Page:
Narcie’s doctor, Dr. Mark Smith, is great, don’t get me wrong. He’s compassionate and straightforward, a good blend between the two. His message in the consultation room (don’t you just hate consultation rooms) was tough and yet it was open-ended. He said that Narcie had a astrocytoma tumor, no known cause, which usually strikes adults between the ages of 20-40. Well, Narcie just turned 30. He gave optimistic words about her age and her vitality which I felt might be a harbinger of bad news, good cop/bad cop and it felt like it sort of was. He talked about us looking this type of tumor up on the internet and survival rates and how they are skewed – so don’t do it, and that every case is different and that Narcie being her age and strength was an asset. Back and forth, my mind was weighing, hanging on every word and asking, “Is this good news or bad?” He said this kind of tumor can come back and that the pathologists would tell us in a few weeks (or did he say “days”) what stage she has (but I thought he already said “low grade.” Ambiguity, ambiguity. Well that’s the rub and the challenge, and challenge makes us stronger because God says His power is made perfect in weakness and through trials – that perseverance gives hope.
Anyway, Dr. Smith said that tomorrow or sometime tonight they would do another MRI while Narcie is in the Neuro Intensive Care Unit to get a better look at whether he got as much of the tumor as he hoped. Then he told us of potential complications which demand she be under such good observation: brain swelling, motor skill weakness, bleeding, and a lot more what-ifs than I wanted to hear – more ambiguity.
Mike asked him about prognosis and reasons to hope and this is where I needed to start switching to listening to the Great Physician as much as I appreciate Dr. Smith. Maybe I heard the answer wrong. This has been the great debate ever since the post-surgery consultation. I thought that the doctor said that he really couldn’t give us much hope at all, but before you fixate, like me, on what sounds like a worst-case scenario, you need to know his next words were that every 3 months, more or less, he will do an MRI and keep an extremely close watch on her and hope that she has the kind of astrocytoma that doesn’t grow fast, or at all. So was he answering Mike’s question of “Is this thing fixed and we’re done?” or was he answering what I thought was Mike’s question, “Is my wife going to live?” So the debate, “Did he mean there’s not much hope that she’s going to live to be a old lady, or there’s not much hope that this was an easy quick fix?”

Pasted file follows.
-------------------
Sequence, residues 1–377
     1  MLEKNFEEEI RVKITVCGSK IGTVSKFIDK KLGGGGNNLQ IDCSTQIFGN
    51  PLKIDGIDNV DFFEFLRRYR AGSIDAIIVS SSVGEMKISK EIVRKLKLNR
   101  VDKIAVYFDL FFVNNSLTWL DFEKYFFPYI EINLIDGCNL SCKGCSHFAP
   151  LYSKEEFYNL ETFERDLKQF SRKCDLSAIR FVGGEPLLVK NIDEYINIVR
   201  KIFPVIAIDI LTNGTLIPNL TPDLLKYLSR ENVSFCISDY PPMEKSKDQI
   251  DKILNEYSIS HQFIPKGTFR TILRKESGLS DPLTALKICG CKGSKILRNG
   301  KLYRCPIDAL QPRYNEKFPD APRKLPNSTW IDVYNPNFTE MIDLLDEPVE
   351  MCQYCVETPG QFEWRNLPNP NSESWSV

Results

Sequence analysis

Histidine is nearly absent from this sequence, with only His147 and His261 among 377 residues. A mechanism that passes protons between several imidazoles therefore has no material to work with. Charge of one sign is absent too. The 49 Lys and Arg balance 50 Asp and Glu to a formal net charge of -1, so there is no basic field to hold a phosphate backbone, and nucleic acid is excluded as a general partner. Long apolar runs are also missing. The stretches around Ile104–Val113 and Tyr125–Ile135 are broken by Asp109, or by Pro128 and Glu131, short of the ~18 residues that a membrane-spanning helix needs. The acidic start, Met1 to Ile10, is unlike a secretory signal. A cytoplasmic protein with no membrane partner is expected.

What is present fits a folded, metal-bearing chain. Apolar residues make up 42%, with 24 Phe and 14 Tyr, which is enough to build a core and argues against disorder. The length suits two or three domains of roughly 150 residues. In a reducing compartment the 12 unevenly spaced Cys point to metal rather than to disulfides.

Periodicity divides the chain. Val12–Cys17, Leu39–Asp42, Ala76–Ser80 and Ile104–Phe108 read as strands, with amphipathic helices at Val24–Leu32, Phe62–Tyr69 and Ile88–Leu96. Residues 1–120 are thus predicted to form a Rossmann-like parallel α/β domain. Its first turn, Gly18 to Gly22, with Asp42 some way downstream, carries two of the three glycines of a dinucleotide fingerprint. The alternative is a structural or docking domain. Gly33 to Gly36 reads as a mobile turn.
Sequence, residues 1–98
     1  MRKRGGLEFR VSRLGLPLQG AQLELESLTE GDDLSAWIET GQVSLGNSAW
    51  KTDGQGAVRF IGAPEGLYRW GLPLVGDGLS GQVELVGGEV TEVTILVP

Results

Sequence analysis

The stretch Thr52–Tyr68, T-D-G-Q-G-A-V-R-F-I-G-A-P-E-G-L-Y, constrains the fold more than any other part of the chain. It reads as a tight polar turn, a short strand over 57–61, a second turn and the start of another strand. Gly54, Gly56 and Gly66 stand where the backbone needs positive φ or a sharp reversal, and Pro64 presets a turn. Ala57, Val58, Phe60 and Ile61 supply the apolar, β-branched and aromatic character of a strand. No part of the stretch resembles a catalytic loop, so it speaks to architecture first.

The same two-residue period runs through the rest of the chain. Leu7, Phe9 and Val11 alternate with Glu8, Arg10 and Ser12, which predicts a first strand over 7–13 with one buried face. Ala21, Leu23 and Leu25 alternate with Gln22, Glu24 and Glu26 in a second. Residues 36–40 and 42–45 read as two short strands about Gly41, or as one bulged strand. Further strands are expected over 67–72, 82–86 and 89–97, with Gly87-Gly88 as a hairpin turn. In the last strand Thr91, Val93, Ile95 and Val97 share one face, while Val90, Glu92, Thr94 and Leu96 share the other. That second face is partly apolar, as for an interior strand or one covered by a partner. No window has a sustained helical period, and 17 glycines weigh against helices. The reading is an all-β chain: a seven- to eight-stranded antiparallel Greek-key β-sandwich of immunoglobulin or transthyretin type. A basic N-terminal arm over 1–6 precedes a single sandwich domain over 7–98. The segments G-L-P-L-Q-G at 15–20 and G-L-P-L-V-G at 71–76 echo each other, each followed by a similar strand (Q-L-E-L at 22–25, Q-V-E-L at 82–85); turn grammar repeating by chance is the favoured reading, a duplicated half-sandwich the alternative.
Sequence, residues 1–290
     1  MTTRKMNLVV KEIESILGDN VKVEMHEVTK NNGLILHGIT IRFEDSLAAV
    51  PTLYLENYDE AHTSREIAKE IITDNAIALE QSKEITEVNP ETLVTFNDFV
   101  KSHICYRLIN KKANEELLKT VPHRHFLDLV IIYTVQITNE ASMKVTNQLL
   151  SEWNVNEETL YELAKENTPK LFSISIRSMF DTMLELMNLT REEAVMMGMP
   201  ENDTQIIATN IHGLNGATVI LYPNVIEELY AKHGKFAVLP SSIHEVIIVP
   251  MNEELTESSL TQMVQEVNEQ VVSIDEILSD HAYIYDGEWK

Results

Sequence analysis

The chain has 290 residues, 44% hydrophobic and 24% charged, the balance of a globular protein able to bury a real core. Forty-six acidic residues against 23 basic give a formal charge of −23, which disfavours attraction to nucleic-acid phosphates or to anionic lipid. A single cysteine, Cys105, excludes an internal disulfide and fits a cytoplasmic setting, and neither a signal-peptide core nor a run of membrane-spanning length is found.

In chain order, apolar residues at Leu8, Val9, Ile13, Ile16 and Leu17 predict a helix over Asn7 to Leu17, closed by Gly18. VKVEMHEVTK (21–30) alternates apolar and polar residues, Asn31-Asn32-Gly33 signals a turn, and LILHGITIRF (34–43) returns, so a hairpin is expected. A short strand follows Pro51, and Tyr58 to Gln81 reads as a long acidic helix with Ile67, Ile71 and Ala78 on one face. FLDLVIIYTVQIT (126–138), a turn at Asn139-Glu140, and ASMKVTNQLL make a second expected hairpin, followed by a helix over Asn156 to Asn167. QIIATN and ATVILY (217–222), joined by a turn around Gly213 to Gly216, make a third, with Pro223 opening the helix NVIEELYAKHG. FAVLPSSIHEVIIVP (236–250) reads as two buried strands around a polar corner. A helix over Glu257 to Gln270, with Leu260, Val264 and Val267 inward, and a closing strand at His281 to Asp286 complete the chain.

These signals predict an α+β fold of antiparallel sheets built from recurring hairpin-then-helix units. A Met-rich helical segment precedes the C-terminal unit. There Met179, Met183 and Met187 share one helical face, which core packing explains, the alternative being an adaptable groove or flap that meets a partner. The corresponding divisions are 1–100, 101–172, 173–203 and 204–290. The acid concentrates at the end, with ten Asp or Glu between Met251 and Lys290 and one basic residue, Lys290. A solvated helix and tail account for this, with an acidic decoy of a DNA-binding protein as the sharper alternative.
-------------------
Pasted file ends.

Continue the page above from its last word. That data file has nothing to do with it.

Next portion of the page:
I have been assured by the women in my life and Mike that he meant the latter. Their take on the Doctor’s words is that it is not going to be an easy quick fix, but it’s doable with effort.There aren’t any easy quick fixes in life. Hang around the hospital waiting room or corridor or cafeteria for a few minutes and you’ll find out there aren’t any easy quick fixes. Suffering abounds, but so does the Great Physician. My hope is in that DOCTOR, so I want to trade in ambiguity for clarity.
SO, here’s what’s clear and I’ve seen with my own eyes and heard with my own ears: Narcie is talking, moving everything, eating, and, yep, more than a little nauseated. But she’s herself and not a vegetable without any motor skills. She has TRUE GRIT of John Wayne fame, and was ready to snatch a knot in my head a time or two as I tried to straighten her pillow. So my JoJo is on the mend with a long road ahead, with unknown variables, ambiguity, more MRI’s than I can imagine for more years that I sincerely want to imagine, with a pathology report that is scarily due with… A BIG NEED FOR MORE PRAYERS – PERSISTENT CONSISTENT PRAYERS. DON’T GIVE UP NOW. WE’VE JUST BEGUN TO FIGHT!!! THANKS EVERYONE FOR LIFTING US UP, FOR EVERY ACT OF GRACE.